Making video games is hard, time consuming (and sometimes thankless) work. Now, more so than ever. Smaller scale, indie developers are in an especially tricky place, expected to make games of a comparable scale to AAA titles, with a fraction of a fraction of the resources. In these cases, the idea of making a “Roguelike” seems like the perfect cheat to get around this.
I’m not trying to be insulting or belittle this act by saying that either. A good Roguelike can be an all consuming game, one that can become an obsession if it hits the right marks. Games like Spelunky, The Binding of Issac or (for me personally) FTL: Faster than Light can stay with people for years, in a way most AAA games can only dream of.
Having recently downloaded Void Bastards through Xbox Game Pass, I found yet another example of the genre that I managed to find engaging. Yet, when looking up some more information about the game on its steam page, I was surprised to notice that nowhere on its profile page do the developers ever use the word Roguelike, or Rogue-lite for the that matter. Despite the game being a prime example of it.
But, some of you might be wondering; “What the hell is a Roguelike?”. Not to get too much into the weeds about it, but the hallmarks of the genre are such: Games that have a dungeon crawl-like aspect to gameplay, in which maps are procedurally generated by game itself and a character’s death is permanent. That’s the short of it.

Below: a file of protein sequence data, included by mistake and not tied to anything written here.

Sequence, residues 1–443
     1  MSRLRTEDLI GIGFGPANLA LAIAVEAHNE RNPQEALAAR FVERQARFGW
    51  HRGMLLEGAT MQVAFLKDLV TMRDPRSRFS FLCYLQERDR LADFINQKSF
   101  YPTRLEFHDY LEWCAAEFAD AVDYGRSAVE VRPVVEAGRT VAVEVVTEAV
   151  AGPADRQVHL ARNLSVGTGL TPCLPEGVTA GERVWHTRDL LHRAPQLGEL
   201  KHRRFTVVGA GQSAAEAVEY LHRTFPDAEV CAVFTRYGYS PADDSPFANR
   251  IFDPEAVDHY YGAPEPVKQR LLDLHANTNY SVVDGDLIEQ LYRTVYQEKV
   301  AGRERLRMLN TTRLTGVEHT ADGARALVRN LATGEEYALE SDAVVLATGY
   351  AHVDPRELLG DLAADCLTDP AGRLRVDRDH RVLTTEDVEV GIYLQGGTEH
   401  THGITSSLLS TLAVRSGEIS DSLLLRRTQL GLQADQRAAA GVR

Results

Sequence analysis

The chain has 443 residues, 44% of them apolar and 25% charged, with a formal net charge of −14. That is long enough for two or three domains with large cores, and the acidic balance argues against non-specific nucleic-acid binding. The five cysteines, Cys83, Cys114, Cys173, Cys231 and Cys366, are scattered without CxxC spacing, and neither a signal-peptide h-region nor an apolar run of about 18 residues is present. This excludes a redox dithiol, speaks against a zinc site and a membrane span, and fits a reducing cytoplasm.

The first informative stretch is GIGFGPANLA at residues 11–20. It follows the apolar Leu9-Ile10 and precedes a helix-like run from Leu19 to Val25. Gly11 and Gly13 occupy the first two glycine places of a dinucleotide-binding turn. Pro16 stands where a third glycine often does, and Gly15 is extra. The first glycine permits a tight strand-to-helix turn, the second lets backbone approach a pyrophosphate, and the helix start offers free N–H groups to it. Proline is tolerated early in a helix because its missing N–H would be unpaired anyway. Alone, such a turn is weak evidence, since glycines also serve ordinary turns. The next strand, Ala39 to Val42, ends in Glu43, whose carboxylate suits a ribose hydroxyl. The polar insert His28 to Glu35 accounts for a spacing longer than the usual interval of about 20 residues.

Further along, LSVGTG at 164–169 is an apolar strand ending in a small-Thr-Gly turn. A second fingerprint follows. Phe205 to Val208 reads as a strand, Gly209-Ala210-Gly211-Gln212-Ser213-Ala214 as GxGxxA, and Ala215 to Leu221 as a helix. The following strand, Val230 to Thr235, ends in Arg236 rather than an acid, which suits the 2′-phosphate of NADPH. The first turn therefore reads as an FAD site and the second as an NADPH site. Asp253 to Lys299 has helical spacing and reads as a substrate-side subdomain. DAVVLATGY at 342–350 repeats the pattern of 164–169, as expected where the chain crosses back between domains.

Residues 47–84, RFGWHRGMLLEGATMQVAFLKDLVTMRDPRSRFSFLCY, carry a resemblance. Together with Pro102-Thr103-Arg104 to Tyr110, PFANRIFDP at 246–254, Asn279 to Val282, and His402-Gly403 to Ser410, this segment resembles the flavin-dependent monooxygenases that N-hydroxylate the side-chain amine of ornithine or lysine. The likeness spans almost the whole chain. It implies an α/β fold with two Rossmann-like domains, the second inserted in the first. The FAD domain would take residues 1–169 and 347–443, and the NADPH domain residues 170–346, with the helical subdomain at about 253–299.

The name comes from the 1980, ASCII based game by the name of (you guessed it) Rogue. While games like Hack and Hacknet would be hot on its heels within the genre, Rogue is the one that managed to stamp its name on the genre. Borne from hobbyists such as college students and programmers.
Many of these early styles of game were handed around as shareware, known for their punishing difficulty and easy to tinker with programming. As time moved on though, what defined the genre became muddy and less clear. We started to get the genre split and the concept of “Rogue-Lites” came about.
So much so that it became difficult to even consider any of the Rogue-whatevers as their own genre at all. Which might be why Blue Manchu don’t consider Void Bastards a game from the heritage of Rogue, instead labelling it a strategy game. Despite it having deep roots in what has become known as the “Rogue-Lite”.
This “lite” subcategory of games came about years later, when developers started to find ways to overcome the inherent weakness of the genre as consumer products. e.g. their soul crushing difficultly. There’s nothing worse than feeling like you’re not making progress in a video game, and Roguelikes were games in which you could easily bang your head against for hours upon hours and make no forward progress.
Thus the Lite version of the experience added a form of progression, a slow trickle of growth that would combine the payer’s inevitable increase in skill as they continued to play, with a series of power-up and abilities that would make it so the game could be finished through pure persistence, and not just high skill.